"For the most part, the Republican Party is the only outlet where conservatives have a voice, so we have to use it. But it functions like a rusty knife we use only because we can't cut our steaks with a spoon."- Matthew Rathel

Friday, September 19, 2008

The Politics of Faith: Fighting for Belief

Although religion and politics operate in different spheres, there are times when individuals attempt to detract from one’s political influence by attacking his or her religious affiliations, and I would like to briefly address increasingly judgmental attacks by fringe groups who openly scorn religious beliefs of conservatives in hope of discrediting their authority on other matters. While the conservative movement encompasses members from nearly every belief system on the planet including agnostics and atheists, a growing number of pseudo-intellectuals are bombarding the public with negative depictions of those who believe in supreme beings. The common argument that faith or belief in a god is not logical or intellectual pervades many cultural spheres in the United States, proving most pervasive in our universities and in our classrooms. While I will seek to avoid tangling with atheists and agnostics in the following argument, I would like to prove the simple point that the belief in a higher being is as credible as or more credible than disbelief. For those of you who will find this to be common sense, I apologize beforehand.

Picture, if you will, a woman on a street corner with a box at her feet. Imagine that she has picked three random strangers from a crowd and has asked each of them to guess what she has in the box. The box provides no indication of its contents, so Man One simply guesses that there is nothing in the box. Man Two thinks for a moment then replies that he has no way of knowing the box’s contents. Man Three is about to answer “cheese” when a parrot lands on his shoulder and says “Raaw, a rock, raaw.” Rationalizing that it makes little difference, the man guesses that the woman has a rock. Now faulty reason would suggest that Man Two is correct since he vocalized a truthful statement: he really has no way of knowing what is in the box. However, when the woman opens the box, there is a 0% chance that it will contain his answer. All things being equal, Man Three’s guess is equal to or greater than Man One’s since “a rock” and “nothing” are two out of billions of possibilities.

Next, imagine that the woman asks the following question: “We all know that the universe contains matter, but where did it come from?” Man One replies, “it has always been there.” Man Two thinks for a moment and then says, “Based on all scientific data available, no one can answer that question.” Man Three begins to answer when an albatross drops a religious text into his arms. He then pauses for 5 minutes to read the opening passages, and when he has finished he replies, “It was created by a higher being.” Again, faulty logic would suggest that Man Two has supplied the best answer, but if the woman were to attain definitive proof of the universe’s origins, he would have a 0% chance of being correct. All things being equal, Man Three has an equal or greater chance of being correct when compared to Man One.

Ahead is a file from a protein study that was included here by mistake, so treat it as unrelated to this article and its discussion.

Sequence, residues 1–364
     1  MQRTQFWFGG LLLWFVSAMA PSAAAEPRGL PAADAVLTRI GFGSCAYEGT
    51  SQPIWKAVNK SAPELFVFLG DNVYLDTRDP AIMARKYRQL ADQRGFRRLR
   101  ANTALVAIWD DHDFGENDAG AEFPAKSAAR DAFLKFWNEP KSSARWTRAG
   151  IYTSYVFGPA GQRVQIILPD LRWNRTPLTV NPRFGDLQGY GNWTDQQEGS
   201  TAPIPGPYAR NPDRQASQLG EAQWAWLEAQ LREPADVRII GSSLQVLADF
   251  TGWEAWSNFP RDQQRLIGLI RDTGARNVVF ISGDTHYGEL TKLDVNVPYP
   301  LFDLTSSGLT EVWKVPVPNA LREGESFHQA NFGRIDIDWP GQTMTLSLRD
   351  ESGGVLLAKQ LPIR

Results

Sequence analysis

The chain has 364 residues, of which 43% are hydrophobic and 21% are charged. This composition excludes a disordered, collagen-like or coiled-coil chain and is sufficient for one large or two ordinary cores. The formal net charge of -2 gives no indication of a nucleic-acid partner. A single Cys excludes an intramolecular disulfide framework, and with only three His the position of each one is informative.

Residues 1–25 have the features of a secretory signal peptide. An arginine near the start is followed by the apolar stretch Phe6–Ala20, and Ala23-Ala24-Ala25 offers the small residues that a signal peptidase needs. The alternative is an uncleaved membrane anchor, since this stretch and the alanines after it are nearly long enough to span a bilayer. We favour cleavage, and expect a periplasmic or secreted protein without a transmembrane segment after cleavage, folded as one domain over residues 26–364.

If I were defter at philosophical premises, I would attempt to prove that Man Three, using circumstantial evidence given to him by the parrot and the albatross, has the highest probability of giving the correct answer. After all, the answer “nothing” provides an example of a complete guess in the first scenario whereas Man Three’s answer is supplemented by the slim chance that the parrot knows what is in the box. Likewise, there can never, by virtue of its own premise, be proof that matter has always existed; but Man Three’s guess that a deity created the universe is backed by the circumstantial evidence of the religious text. In any case, these points are moot, as all I have intended to do is prove that belief is at least equal to disbelief.

Given that men have been studying theological questions for thousands of years, I would be surprised if my argument is the first of its kind, yet I must say that I do have grand illusions of having created “Rathel’s Box.” But whatever religion one adheres to, he or she should not be persuaded that his or her belief system is intellectually or logically indefensible. Many arguments used against Deism contain far more holes than arguments for the existence of a supreme being.

Personally, I like to think that faith is an emotion much the same as love in that it translates poorly into language, but I find that reason arises from faith even though it is unnecessary. Those who criticize Theists tend to characterize faith as the lack of reason when, for many of us, it is the only solid basis of rational thought.

P.S. If anyone sees a hole in my argument, I would love to hear it.

Friday, September 12, 2008

Media attacks Palin over "Bush Doctrine"

Much has been made of Sarah Palin’s interview with Charles Gibson on ABC and how it reflects her ability to hold the position of Vice President, but the media appears to be stretching itself thin in hopes of finding a gaffe in what most partisans would call an uneventful exchange. At the center of the faux controversy is Palin’s insistence that Gibson clarify his inquiry into the “Bush Doctrine,” and liberal columnists and commentators are attempting to start a field day with a main event that stinks of petty partisan competition.